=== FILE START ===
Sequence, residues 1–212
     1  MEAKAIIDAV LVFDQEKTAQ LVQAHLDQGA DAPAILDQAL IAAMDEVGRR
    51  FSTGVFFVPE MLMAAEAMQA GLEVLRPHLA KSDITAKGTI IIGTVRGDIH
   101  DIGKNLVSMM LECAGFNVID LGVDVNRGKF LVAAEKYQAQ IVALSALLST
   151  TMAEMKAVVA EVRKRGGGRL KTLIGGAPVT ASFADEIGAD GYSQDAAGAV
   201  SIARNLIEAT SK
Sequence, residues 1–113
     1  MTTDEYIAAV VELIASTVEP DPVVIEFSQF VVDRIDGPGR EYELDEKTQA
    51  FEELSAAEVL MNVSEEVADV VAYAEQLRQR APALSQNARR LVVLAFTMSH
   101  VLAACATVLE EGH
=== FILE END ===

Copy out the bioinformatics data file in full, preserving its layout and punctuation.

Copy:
Sequence, residues 1–212
     1  MEAKAIIDAV LVFDQEKTAQ LVQAHLDQGA DAPAILDQAL IAAMDEVGRR
    51  FSTGVFFVPE MLMAAEAMQA GLEVLRPHLA KSDITAKGTI IIGTVRGDIH
   101  DIGKNLVSMM LECAGFNVID LGVDVNRGKF LVAAEKYQAQ IVALSALLST
   151  TMAEMKAVVA EVRKRGGGRL KTLIGGAPVT ASFADEIGAD GYSQDAAGAV
   201  SIARNLIEAT SK
Sequence, residues 1–113
     1  MTTDEYIAAV VELIASTVEP DPVVIEFSQF VVDRIDGPGR EYELDEKTQA
    51  FEELSAAEVL MNVSEEVADV VAYAEQLRQR APALSQNARR LVVLAFTMSH
   101  VLAACATVLE EGH